Sunday, March 01, 2009

Save Thousands On Textbooks



Textbooks demand scandalously high prices these days. It's nothing for math and science texts to cost more than $150 apiece, and list price on some books has soared to more than $200! That means that today's college students can easily spend well over $1000 or more on textbooks alone in a single year.

Excerpts from a recent article in the Pittsburg Post-Gazzette:

Like college tuition, the price of textbooks has soared faster than inflation. From 1986 to 2004, textbook prices nearly tripled, according to a Government Accountability Office report in 2005.

Nationwide, the GAO figured that textbooks were about a fourth of the cost of tuition and fees at four-year public colleges and universities and as much as three-quarters of the cost of tuition and fees at two-year public institutions.

Fortunately, there's a simple way to avoid falling victim to the college textbook extortion racket: ditch the college bookstore ... and buy new, used, or previous editions online!

Over the course of a four year college education, this tip plus a little disciplined research could easily save students and parents thousands of dollars.

Start by putting together a reliable list of the exact titles and ISBN numbers of all textbooks you'll be required to obtain for your classes during the upcoming semester (give yourself more time to save money and avoid problems by doing this as far in advance as possible).

To begin shopping, first search for the books you need by title, author, and/or ISBN on Amazon. It's possible to save nearly 30% or more when buying new books through Amazon or other online book dealers instead of at college bookstores, and even more (over 70%!) by buying used books online (at amazon, just click on the "... used" link a few inches below the title on the book's product page).

In addition to amazon, a host of online textbook price comparison sites like DealOz, CheapestTextbooks, and BookFinder enable one to directly compare prices of new and used textbooks offered for sale online at drastically reduced prices.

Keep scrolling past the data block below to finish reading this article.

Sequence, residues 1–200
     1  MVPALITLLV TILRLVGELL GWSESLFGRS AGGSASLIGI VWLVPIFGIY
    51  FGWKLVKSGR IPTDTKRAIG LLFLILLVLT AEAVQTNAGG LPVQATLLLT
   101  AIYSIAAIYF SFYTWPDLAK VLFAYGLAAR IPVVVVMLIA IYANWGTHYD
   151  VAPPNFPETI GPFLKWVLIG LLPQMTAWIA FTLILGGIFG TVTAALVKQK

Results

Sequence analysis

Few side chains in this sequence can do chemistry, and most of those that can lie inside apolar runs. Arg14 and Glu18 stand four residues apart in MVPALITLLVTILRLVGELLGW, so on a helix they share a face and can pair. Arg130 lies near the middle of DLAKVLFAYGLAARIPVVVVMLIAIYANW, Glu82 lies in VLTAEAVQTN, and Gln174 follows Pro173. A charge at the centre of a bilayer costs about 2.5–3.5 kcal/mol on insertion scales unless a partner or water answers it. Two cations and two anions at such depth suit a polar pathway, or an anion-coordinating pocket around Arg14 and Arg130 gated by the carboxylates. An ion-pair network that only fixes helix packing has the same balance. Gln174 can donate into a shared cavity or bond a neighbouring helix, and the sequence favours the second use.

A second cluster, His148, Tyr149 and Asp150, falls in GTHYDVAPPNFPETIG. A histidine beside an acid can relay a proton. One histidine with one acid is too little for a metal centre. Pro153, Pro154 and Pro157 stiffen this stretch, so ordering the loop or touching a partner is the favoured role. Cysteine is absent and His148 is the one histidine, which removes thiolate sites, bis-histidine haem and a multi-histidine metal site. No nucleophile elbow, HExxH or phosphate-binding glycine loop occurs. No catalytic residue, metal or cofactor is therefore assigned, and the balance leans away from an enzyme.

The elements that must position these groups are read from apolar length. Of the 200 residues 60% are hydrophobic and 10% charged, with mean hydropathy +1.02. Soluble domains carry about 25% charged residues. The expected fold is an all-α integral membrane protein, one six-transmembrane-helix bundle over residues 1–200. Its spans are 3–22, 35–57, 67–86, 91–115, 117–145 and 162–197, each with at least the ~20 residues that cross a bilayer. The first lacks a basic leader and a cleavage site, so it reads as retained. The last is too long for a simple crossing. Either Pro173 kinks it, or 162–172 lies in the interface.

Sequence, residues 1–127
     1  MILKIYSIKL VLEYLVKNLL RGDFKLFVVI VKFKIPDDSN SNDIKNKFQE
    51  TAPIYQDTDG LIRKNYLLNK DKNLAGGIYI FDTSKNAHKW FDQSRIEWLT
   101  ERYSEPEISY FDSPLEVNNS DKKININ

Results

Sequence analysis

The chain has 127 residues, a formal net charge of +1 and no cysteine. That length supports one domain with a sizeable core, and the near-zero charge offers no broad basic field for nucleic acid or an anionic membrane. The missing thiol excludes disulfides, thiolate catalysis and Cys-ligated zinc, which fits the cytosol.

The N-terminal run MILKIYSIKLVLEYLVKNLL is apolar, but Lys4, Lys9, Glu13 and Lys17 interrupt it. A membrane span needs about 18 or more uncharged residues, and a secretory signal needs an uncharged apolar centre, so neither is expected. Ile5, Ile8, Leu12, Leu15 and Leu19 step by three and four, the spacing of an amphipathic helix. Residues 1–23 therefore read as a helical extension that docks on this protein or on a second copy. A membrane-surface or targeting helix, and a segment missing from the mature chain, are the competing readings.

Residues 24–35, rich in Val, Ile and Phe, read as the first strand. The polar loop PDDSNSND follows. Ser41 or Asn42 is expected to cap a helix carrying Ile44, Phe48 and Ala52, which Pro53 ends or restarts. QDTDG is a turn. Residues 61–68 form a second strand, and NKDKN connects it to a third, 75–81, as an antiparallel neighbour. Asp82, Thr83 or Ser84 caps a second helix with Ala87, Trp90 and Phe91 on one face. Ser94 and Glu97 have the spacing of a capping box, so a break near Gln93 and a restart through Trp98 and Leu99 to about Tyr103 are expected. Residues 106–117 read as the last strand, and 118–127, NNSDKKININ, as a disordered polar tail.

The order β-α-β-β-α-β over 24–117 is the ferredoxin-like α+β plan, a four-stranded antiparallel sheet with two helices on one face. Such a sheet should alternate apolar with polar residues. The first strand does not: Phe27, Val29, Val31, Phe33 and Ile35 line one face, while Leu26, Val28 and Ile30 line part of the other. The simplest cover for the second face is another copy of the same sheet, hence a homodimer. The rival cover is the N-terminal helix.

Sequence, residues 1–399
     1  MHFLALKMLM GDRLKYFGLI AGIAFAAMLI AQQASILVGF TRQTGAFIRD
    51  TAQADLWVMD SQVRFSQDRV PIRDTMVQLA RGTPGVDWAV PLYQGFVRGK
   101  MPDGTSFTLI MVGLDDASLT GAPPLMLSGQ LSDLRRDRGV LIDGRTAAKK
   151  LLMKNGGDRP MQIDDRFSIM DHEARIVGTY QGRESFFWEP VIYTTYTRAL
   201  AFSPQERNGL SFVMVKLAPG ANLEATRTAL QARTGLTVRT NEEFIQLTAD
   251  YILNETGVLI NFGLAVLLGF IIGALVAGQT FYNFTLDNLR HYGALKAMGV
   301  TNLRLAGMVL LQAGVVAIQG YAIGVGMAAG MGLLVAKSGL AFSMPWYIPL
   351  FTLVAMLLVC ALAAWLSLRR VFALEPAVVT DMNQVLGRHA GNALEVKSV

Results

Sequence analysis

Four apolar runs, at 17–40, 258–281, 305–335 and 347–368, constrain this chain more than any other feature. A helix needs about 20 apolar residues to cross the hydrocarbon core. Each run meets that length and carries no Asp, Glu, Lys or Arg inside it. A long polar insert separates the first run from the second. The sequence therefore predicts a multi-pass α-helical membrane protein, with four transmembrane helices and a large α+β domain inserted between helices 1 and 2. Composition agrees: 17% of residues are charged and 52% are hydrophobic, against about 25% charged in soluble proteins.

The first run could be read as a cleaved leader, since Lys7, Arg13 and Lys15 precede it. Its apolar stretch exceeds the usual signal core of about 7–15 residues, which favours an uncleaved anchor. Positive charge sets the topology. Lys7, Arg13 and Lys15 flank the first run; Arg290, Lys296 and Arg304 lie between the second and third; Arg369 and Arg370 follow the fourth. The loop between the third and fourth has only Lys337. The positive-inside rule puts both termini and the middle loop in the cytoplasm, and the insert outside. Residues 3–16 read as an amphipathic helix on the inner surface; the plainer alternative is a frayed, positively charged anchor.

The latest edition of a given text is, of course, going to be the most expensive. But if the course instructor will allow students to use a previous edition rather than the most current one (it doesn't hurt to ask!), you could save nearly 70% on a brand new book by buying it online.

When buying textbooks online, whether new or used, it's a good idea to buy only from highly rated merchants (DealOz and Amazon provide this important information when doing book searches; CheapestTextbooks and BookFinder do not); otherwise, if your books don't arrive in a timely fashion or in acceptable condition, you may have to procure them again in great haste and at full retail price through the college bookstore.

And don't forget the option of selling your textbooks after you no longer have a need for them! Amazon makes this easy, and doing so could recoup much of the money you've had to spend (even after highlighting and marking your books, you'll still be able to get something for them by passing them along to another buyer).

The movement to lower textbook prices is growing fast. Some university professors are fighting back, opting to use free and low-cost online resources rather than force students to get ripped off at the college store. Aside from saving a pile of wallet green, buying used books online is also environmentally greener than purchasing brand new books to be used only for a short time and then discarded.

Save a bundle ... buy texts online!

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